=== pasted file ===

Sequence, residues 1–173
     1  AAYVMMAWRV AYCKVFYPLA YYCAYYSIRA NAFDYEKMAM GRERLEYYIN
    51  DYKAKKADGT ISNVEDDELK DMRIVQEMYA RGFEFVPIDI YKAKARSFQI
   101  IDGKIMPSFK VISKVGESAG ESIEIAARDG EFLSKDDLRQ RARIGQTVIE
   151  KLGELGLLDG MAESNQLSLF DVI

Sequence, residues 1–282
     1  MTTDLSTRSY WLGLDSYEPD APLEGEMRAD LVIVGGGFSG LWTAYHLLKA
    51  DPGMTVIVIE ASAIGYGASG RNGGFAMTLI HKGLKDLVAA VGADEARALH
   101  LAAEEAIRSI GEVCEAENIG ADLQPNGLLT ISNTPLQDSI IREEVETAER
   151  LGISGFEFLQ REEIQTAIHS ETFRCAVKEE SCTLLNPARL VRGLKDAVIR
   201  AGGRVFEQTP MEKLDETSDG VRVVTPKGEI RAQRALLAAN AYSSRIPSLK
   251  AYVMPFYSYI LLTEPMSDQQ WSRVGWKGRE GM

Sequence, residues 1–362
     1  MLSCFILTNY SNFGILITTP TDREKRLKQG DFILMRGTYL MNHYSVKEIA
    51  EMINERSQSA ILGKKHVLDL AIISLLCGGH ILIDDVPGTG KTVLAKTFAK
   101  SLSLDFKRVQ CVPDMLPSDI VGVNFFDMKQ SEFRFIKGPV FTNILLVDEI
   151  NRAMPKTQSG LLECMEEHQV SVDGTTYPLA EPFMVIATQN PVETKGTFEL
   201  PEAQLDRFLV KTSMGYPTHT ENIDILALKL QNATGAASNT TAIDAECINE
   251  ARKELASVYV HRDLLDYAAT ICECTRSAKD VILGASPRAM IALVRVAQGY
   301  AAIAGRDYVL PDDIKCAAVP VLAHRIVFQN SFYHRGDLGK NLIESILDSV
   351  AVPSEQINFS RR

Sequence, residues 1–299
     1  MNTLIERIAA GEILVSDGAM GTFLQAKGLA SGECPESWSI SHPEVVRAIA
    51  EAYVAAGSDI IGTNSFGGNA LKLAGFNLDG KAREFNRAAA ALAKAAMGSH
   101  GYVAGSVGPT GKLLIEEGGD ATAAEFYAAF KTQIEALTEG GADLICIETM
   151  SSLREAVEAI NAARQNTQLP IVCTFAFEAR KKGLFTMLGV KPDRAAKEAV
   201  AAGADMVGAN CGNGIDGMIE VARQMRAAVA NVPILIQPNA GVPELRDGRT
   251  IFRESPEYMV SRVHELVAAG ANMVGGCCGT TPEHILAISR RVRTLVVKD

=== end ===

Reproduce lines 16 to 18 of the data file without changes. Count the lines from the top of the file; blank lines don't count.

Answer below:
   101  SLSLDFKRVQ CVPDMLPSDI VGVNFFDMKQ SEFRFIKGPV FTNILLVDEI
   151  NRAMPKTQSG LLECMEEHQV SVDGTTYPLA EPFMVIATQN PVETKGTFEL
   201  PEAQLDRFLV KTSMGYPTHT ENIDILALKL QNATGAASNT TAIDAECINE